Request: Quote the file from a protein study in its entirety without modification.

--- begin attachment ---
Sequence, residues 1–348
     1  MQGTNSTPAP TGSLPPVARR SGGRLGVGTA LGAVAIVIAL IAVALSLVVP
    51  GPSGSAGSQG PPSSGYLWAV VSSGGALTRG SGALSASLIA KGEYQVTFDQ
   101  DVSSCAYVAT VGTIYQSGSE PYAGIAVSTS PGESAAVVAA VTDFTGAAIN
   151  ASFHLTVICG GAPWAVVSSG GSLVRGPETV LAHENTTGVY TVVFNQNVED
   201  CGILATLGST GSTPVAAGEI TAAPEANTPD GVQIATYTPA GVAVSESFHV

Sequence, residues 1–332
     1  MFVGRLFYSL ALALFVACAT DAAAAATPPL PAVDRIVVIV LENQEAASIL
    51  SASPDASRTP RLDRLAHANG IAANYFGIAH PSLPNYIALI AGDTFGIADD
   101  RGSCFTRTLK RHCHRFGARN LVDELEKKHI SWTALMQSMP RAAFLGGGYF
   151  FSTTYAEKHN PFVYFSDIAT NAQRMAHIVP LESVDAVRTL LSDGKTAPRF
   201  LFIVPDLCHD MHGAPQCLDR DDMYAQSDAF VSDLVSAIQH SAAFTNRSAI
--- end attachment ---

Sequence, residues 1–348
     1  MQGTNSTPAP TGSLPPVARR SGGRLGVGTA LGAVAIVIAL IAVALSLVVP
    51  GPSGSAGSQG PPSSGYLWAV VSSGGALTRG SGALSASLIA KGEYQVTFDQ
   101  DVSSCAYVAT VGTIYQSGSE PYAGIAVSTS PGESAAVVAA VTDFTGAAIN
   151  ASFHLTVICG GAPWAVVSSG GSLVRGPETV LAHENTTGVY TVVFNQNVED
   201  CGILATLGST GSTPVAAGEI TAAPEANTPD GVQIATYTPA GVAVSESFHV

Sequence, residues 1–332
     1  MFVGRLFYSL ALALFVACAT DAAAAATPPL PAVDRIVVIV LENQEAASIL
    51  SASPDASRTP RLDRLAHANG IAANYFGIAH PSLPNYIALI AGDTFGIADD
   101  RGSCFTRTLK RHCHRFGARN LVDELEKKHI SWTALMQSMP RAAFLGGGYF
   151  FSTTYAEKHN PFVYFSDIAT NAQRMAHIVP LESVDAVRTL LSDGKTAPRF
   201  LFIVPDLCHD MHGAPQCLDR DDMYAQSDAF VSDLVSAIQH SAAFTNRSAI